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Given the choice of multiple "unconnected" districts/villages/neighborhoods or one long, linear, continuous connected zone made up of districts/villages/neighborhoods, I'll take the connectivity. Greenville has got it right. It started with City Center, then spread along the same street to West End and now spreading along the same street to North End. Multiple districts, connected by a linear, pedestrian friendly street. Who could ask for a better layout? Connectivity is one of the key successes of Greenville's years or redevelopment. A well connected city leaves a much greater impression on visitors than separate districts within a city. Visitors leave saying "Greenville is so cute" plain and simple vs. a diluted, qualifying statement saying "There is this really cute area near downtown, to the West....I think it was called West End....it was a great area".

Villages and districts are great as long as they have connectivity and around a strong, vibrant core (Portland and Seattle are examples of this). A city that has districts on the perimeters of a lackluster core however, struggles more for a cohesive image, impact, positive impression, walkability, etc. Birmingham, my home, is a city that fits this example. Birmingham has a couple of great urban districts....Five Points South and the Lakeview District. Both districts are cute, vibrant and fun to be in, BUT they are not connected. If you want to go beyond one single district, you have to jump in a car. The distance, anti-pedestrian obstacles, and type of neighborhhods in between the districts forces the use of a car. With that in mind, these districts may as well be suburbs. Birmingham's downtown core consist of a major street, 20th Street, which is their version of Main Street, only it has very few restaurants, shops, pedestrians, etc and is a dead street after 5:00. The street consist of 9 to 5 office workers and office buildings.

A city is just like a human body IMO. Anyone ever taken Pilates? What does it teach you for healthy living? "Strengthen your CORE" A city is the same......get a strong core happening and the strength will radiate out. Greenville is proof of the success of that concept.

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Villages and districts are great as long as they have connectivity and around a strong, vibrant core (Portland and Seattle are examples of this). A city that has districts on the perimeters of a lackluster core however, struggles more for a cohesive image, impact, positive impression, walkability, etc.

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This is certainly true in several instances, but I can think of one notable exception: Washington, DC. Now downtown DC has an extremely healthy office market, is very urban, and the historic architecture is wonderful. However, land prices tend to make residential development unfeasible; office development gives developers more bang for their buck. And since residential is lacking, so are shopping options. After working hours, downtown DC is basically deserted and can't hold a candle to neighborhoods like Adam's Morgan. Now I know this is probably a unique example due to DC's height restrictions and such, but it is certainly an example of a city that's known overall as a vibrant city mostly due to its neighborhoods and not its core.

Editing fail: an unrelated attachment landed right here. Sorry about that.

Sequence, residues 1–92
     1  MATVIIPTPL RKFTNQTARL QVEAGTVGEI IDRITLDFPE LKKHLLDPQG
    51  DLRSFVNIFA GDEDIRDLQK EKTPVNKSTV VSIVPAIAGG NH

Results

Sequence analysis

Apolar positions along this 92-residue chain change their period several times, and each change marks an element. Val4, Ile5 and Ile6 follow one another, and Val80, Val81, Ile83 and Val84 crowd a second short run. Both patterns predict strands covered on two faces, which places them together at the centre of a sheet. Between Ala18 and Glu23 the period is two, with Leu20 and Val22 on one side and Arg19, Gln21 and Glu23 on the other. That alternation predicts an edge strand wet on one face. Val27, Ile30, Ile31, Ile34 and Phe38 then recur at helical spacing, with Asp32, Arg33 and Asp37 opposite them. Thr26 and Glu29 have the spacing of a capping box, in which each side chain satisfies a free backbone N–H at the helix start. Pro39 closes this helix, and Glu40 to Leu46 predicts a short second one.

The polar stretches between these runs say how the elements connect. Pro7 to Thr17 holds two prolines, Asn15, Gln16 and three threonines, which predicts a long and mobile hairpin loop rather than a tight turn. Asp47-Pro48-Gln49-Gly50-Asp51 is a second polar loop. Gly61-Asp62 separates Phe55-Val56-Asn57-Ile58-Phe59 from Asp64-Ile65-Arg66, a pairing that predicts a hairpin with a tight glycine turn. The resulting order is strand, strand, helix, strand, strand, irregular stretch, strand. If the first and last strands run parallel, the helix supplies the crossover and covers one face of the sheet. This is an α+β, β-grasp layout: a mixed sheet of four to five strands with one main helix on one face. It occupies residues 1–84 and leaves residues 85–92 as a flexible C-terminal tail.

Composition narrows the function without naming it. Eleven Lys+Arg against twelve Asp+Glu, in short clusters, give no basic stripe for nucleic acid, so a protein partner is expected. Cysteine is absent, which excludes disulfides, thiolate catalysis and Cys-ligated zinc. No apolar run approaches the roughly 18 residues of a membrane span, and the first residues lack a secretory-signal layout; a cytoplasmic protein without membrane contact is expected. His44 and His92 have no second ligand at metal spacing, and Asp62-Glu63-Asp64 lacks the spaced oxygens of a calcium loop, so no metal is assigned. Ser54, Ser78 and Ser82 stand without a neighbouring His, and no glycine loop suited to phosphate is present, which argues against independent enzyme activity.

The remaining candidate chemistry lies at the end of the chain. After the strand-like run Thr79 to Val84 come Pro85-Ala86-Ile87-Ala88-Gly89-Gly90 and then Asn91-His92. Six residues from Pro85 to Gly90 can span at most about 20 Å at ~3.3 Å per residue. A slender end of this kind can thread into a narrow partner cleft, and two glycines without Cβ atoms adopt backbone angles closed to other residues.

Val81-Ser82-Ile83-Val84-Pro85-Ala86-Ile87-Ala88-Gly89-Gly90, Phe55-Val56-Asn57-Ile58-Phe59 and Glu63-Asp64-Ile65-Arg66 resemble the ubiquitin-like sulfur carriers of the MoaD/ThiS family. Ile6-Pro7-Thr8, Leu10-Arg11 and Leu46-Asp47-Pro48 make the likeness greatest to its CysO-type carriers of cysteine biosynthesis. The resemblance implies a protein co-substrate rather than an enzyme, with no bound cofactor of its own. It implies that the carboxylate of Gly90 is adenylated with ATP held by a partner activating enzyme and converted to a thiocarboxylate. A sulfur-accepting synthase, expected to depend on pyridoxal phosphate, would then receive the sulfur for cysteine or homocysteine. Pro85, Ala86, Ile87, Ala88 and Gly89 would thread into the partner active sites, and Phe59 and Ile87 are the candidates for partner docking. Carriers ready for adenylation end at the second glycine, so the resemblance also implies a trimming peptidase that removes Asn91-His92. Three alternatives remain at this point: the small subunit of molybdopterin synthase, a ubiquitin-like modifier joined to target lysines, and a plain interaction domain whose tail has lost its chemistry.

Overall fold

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Perhaps we disagree on what defines the DC metro area's core, but I consider the District itself to be DC's core and the outlying areas in Maryland and Virginia to be its suburbs. Adams Morgan is still a DC mailing address, and only a matter of blocks up 18th Street from Dupont Circle. This is excellent connectivity, and very walkable (I have done it many times). I don't see how you can disagree that this is very much part of DC's core.

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If Greenville were a human body, the Pinnacle would be our phantom limb.

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The "bones" were already in place for Main Street and the West End, and they were built connected.

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I'm sure it's not what you meant by it, but the way you state it makes it sound like 'Greenville had it easy'. I'm sure the millions of dollars spent on the West End's revitalization alone, and the leaders who spent countless hours examining other cities and its own successes would beg to differ. :)

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Here's some pictures from tonight of anything but Main Street:

Spring Street:

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River Street:

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Broad Street:

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Laurens Street:

new Courtyard by Marriott under construction in the foreground:

2594462530_b8276d83b1.jpg

2594462022_57f3fe6822.jpg